With Joe Girardi staying in New York, the other managerial job openings move to the fore. Hard to say who goes where — I’m personally anticipating a Jim Riggleman bidding war between the Reds, Cubs and Nats, none of which can quit him — but at least one guy has an idea of where he wants to go. From Adam Kilgore of the Washington Post:
Longtime manager Dusty Baker, whom the Reds fired late last week, contacted General Manager Mike Rizzo through his agent to inform the Nationals he is interested in the job. Baker said no interview has been schedule, and it is not clear if the Nationals have reciprocal interest in him.
Baker confirmed to Kilgore that he reached out and is interested.
Man, I dunno. One of the things that seems kinda clear from Washington is that Mike Rizzo really had his fill of a well-established veteran manager who cuts a large figure in the media. No, Dusty isn’t Davey Johnson, but the idea that the reporters are going to come by every day to hear what he has to say rather than report the Nationals company line is the kind of dynamic one gets the sense that Rizzo wants to move away from. Better to get more of a company man like a Randy Knorr or a less-experienced guy like Matt Williams who won’t upstage the front office.
I obviously could be wrong about that. It’s just a vibe I get from reading all manner of stories about Rizzo, Johnson and the Nats. Either way, I’d be kind of surprised if they went after Dusty Baker.
The Phillies and Red Sox appear intent on pursuing free agent first baseman Carlos Santana, MLB Network’s Jon Morosi reports. Santana rejected a one-year, $17.4 million qualifying offer from the Indians on Thursday and is expected to draw widespread interest on the market this winter. The Mets, Mariners, Angels and Indians could make a play for the infielder, though no serious offers have been made this early in the offseason.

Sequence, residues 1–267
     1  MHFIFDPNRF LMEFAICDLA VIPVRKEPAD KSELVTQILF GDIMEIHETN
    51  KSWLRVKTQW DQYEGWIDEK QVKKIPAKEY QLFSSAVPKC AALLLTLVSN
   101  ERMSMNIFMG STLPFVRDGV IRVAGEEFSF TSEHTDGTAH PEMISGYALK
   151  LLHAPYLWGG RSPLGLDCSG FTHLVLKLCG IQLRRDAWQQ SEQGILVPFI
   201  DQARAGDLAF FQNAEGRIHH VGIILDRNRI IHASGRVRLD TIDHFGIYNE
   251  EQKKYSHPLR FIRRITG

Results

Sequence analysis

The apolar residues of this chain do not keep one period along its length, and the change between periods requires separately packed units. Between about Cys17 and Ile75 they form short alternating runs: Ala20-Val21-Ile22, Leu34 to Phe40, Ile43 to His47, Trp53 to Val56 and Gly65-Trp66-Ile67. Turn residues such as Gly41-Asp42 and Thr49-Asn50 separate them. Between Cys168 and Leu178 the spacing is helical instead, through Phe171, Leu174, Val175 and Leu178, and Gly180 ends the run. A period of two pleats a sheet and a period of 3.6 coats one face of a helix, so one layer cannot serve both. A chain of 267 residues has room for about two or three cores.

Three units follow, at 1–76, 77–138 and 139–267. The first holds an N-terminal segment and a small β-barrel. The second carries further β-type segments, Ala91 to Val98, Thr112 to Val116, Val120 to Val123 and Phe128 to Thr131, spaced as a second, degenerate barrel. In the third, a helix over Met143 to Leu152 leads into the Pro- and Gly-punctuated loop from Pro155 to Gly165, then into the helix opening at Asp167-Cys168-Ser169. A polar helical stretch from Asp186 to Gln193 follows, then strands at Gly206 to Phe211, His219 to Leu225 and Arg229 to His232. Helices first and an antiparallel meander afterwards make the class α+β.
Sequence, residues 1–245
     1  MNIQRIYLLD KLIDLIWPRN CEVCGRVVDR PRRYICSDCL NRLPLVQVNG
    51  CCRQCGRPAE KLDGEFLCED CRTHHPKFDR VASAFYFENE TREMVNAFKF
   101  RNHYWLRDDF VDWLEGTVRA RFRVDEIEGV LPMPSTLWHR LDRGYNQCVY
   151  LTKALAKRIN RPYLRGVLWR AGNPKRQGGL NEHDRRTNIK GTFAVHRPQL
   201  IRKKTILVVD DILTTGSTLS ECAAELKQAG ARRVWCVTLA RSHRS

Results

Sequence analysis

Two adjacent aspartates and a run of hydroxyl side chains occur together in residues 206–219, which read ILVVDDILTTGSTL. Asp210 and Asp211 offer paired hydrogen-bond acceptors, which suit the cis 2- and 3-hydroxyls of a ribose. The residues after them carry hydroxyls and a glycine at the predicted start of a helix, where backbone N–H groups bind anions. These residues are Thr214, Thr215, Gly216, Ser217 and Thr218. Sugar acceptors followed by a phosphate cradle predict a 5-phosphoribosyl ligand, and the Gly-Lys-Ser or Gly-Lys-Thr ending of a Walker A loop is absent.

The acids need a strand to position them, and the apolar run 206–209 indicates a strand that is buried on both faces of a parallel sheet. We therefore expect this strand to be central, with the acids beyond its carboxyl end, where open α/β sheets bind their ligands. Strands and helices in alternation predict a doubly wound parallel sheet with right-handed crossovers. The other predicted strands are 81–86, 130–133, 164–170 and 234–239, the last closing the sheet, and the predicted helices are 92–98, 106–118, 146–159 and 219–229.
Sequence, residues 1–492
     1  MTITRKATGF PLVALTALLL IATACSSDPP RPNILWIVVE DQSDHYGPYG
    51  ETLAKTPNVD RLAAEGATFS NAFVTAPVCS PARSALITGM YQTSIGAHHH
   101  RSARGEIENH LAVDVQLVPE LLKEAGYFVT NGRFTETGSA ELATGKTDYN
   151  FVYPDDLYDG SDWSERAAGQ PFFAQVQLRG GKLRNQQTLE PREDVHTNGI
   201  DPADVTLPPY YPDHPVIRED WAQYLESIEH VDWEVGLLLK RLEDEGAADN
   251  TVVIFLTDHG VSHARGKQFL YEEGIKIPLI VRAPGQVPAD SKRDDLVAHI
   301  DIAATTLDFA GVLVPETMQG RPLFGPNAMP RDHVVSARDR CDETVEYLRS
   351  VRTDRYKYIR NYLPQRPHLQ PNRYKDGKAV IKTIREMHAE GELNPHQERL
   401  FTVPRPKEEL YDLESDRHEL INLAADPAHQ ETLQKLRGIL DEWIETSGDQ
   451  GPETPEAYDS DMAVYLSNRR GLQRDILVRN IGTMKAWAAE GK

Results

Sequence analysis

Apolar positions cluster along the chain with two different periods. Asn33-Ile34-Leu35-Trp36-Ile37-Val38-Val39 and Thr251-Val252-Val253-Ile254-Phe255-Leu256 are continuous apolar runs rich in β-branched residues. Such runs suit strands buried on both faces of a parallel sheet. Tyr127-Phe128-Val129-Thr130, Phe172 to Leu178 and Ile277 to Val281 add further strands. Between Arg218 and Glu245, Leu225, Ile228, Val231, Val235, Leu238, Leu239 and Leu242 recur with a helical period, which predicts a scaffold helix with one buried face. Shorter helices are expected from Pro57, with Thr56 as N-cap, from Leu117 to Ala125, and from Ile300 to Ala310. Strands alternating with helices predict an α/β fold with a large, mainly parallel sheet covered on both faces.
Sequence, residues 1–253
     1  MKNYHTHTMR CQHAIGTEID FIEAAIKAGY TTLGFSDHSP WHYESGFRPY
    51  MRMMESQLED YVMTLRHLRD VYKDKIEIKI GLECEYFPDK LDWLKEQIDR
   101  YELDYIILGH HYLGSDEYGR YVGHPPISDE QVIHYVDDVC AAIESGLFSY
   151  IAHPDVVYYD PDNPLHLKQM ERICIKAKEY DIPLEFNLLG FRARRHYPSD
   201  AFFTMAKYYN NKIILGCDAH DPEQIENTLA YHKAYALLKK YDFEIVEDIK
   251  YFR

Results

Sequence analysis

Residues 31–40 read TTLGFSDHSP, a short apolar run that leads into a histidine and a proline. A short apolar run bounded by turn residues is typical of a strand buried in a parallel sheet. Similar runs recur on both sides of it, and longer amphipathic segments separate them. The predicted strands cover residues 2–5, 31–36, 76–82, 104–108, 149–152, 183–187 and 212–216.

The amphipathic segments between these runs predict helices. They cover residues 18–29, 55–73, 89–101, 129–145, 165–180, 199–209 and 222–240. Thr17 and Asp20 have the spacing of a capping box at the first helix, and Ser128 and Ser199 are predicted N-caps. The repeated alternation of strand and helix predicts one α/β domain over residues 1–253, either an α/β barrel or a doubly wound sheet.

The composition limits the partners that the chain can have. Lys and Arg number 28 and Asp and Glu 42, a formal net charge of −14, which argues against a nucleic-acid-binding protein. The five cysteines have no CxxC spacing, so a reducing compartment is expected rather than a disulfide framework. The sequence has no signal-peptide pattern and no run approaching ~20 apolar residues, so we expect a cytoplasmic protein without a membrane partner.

Santana, 31, is coming off of a seven-year track with the Indians. He batted .259/.363/.455 with 23 home runs and 3.0 fWAR last season, making 2017 the fourth-most valuable year of his career to date. Although he was primarily stationed at first base over the last year, he could step back into a hybrid first base/DH role with the Red Sox, who are hurting for infield depth with Hanley Ramirez still working his way back from shoulder surgery.
As for Santana’s other suitors, the Mariners are far less likely to pursue a deal after trading for Ryon Healy last Wednesday. Neither the Mets nor the Phillies have a DH spot to offer the veteran infielder, and the Phillies’ Rhys Hoskins appears to be blocking the way at first base. Then again, Santana may not find a more enticing offer outside of Cleveland, where Edwin Encarnacion might otherwise be the club’s best option at first base. During the GM meetings, Indians’ GM Mike Chernoff said he “love to have both [Santana and Jay Bruce] back” in 2018, but hasn’t backed up that love with any contract talks just yet.